Risk Management: Even Monkeys Do It
In my last two posts I wrote about a recent holiday trip I took to rural Malaysia. The purpose of the trip was not shopping or sightseeing, but relaxing.
As we get older, the pressures of life and work are such that relaxing is something we have to learn how to do. When we’re young, it tends to come more naturally.
When we set out to relax, we can often be our own worst enemy. If you’re a golfer and you’re having a bad round, you have the choice of getting all wound up about it, or taking it in stride while still enjoying the day. The same goes for fishing, sailing and many other leisure pursuits.
Some people enjoy competitive leisure pursuits; others prefer non-competitive ones. I’m one of the latter group.
In other words, as silly as it seems, as we age, we have to consciously remind ourselves how to relax, and unwind from the high-pitched pace of life and work. At this stage in life, relaxation is not just a bonus, it’s an important component of living a healthy life.
Ideally, holiday trips for relaxation purposes involve a change of place, as well as a change of pace. One question we face in this current age of 24/7 mobile connectedness concerns what to do with our mobile devices. Do we stay fully connected while on holiday, or not?
On the one hand, constant reminders of work-related stuff are counter-productive to the goal of relaxing. On the other hand, we want to be responsible and accessible in case of emergency.
For me, to completely disconnect from emails for several days means a tall mountain of them will await me at the end of the trip. The thought of this mountain is not helpful to the process of relaxing. My compromise solution is to check emails only once a day and solely with an eye towards anything urgent, with the rest of the stuff getting a quick scan only. I allocate time after the trip for dealing with the more routine emails.
One of the appealing things about a change of place is that it provides a platform for us to think out of the box, in a different physical and cultural environment than our everyday one.
As I wrote last week, while on an early morning walk near my seaside guest house, I saw a troupe of 30 or 40 monkeys (macaques). Or to be more precise, they saw me. They were well hidden in the trees, although only 100 meters or so away from the road I was walking along.
What first alerted me to their presence was the shrill warning call of their lookout monkey, whose job is to warn the troupe when intruders draw near. If this particular monkey carried a business card, his title would be something like “Head of Risk Management” followed by the name of his monkey troupe.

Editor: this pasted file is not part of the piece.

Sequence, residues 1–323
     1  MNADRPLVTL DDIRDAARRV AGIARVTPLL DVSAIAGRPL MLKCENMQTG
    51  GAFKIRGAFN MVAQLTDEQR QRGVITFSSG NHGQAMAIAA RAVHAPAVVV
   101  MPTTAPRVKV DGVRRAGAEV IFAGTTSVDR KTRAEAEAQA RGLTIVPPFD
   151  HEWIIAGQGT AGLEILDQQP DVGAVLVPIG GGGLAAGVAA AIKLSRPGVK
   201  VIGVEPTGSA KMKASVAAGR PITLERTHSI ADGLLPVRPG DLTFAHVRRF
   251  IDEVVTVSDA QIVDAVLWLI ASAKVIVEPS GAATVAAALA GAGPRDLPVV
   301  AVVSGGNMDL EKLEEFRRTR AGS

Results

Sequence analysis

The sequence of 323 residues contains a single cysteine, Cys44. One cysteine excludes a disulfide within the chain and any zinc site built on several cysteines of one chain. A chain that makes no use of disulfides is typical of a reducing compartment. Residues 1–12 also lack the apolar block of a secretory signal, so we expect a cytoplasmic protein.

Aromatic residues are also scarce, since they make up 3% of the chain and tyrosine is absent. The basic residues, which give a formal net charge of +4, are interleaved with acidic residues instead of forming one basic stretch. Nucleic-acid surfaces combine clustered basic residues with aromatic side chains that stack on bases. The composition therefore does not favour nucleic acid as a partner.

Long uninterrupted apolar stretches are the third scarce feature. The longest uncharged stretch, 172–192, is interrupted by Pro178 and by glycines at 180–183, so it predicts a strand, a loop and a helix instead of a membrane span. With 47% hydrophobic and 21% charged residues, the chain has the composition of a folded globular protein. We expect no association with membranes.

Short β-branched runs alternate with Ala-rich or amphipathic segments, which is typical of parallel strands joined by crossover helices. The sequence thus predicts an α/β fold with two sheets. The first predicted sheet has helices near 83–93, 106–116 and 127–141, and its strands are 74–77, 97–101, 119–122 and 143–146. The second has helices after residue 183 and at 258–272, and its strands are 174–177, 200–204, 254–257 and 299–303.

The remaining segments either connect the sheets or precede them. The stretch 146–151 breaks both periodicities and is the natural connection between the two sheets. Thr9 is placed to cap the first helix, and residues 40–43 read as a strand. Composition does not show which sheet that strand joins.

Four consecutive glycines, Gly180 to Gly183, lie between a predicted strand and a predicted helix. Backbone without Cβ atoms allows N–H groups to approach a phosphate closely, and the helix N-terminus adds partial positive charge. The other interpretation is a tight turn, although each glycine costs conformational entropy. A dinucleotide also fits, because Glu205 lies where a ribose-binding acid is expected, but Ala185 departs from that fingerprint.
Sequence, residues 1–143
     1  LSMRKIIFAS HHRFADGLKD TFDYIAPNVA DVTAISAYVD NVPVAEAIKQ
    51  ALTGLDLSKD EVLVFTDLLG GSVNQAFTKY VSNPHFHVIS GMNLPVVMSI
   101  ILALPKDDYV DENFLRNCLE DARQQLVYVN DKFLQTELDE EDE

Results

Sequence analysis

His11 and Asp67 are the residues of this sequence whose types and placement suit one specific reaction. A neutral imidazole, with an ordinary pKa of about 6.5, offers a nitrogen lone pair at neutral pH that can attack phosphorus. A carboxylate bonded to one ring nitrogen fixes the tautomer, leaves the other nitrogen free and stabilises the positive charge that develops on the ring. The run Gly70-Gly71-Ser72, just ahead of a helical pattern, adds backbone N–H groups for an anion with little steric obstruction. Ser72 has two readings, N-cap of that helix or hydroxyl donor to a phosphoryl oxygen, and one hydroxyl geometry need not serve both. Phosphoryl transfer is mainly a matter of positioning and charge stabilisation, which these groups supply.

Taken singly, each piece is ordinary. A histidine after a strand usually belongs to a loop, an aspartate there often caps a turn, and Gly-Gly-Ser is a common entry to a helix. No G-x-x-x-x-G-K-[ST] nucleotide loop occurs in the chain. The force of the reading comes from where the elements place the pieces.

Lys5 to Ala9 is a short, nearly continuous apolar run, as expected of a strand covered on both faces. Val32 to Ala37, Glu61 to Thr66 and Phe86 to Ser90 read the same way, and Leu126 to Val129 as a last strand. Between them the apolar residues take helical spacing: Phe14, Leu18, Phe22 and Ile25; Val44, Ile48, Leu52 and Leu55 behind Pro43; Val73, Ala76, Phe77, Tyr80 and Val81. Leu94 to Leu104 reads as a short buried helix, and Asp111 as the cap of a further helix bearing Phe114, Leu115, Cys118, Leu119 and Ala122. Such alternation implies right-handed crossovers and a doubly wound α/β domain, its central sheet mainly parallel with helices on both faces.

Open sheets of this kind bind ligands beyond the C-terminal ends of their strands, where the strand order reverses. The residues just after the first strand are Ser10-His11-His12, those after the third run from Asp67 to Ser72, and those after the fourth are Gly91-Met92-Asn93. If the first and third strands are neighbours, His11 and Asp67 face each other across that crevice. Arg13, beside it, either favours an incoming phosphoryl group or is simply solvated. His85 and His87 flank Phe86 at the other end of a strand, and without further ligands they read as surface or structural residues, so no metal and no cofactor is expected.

Ironically, after his warning call, the trees began to shake as dozens of monkeys moved deeper into the forest. The noise of so many monkeys on the move was considerable. Had I been a hunter, I would have been happy that the Head of Risk Management had alerted me to the presence of so many targets close at hand.
Moral: it’s not just identifying risk and warning others; it’s the resulting course of action which matters most.
Monkeys are not alone in the animal kingdom with respect to having designated members of the community responsible for risk management. Another example occurs among cockatoos.
“他去当凤头鹦鹉了吗？” / Has he gone ‘cockatoo’?
I learned a few years ago when visiting Queensland, Australia, where sugar cane is a very important crop, that cockatoos annually cause huge losses to farmers by chewing the tops off the stalks of the cane. As one local Aussie was describing the extent of these losses to me, I asked whether or not farmers hunted them in order to protect their crops?
His expression showed great surprise at my question, and he answered with a question: “Do you know the expression ‘to go cockatoo’?”
Obviously I did not. He explained that this slang expression in Australian English means to play the role of a lookout or sentry. When a flock of cockatoos descend on a plot of sugar cane, one of them plays the role of lookout, warning the others of any approaching danger such as a farmer with a gun. My Aussie friend assured me this made them almost impossible to shoot.
“Bloody smart birds, mate.”
Once again, effective risk management seems to begin in the animal kingdom. Such are the trivial but interesting insights we sometimes collect while relaxing on holiday.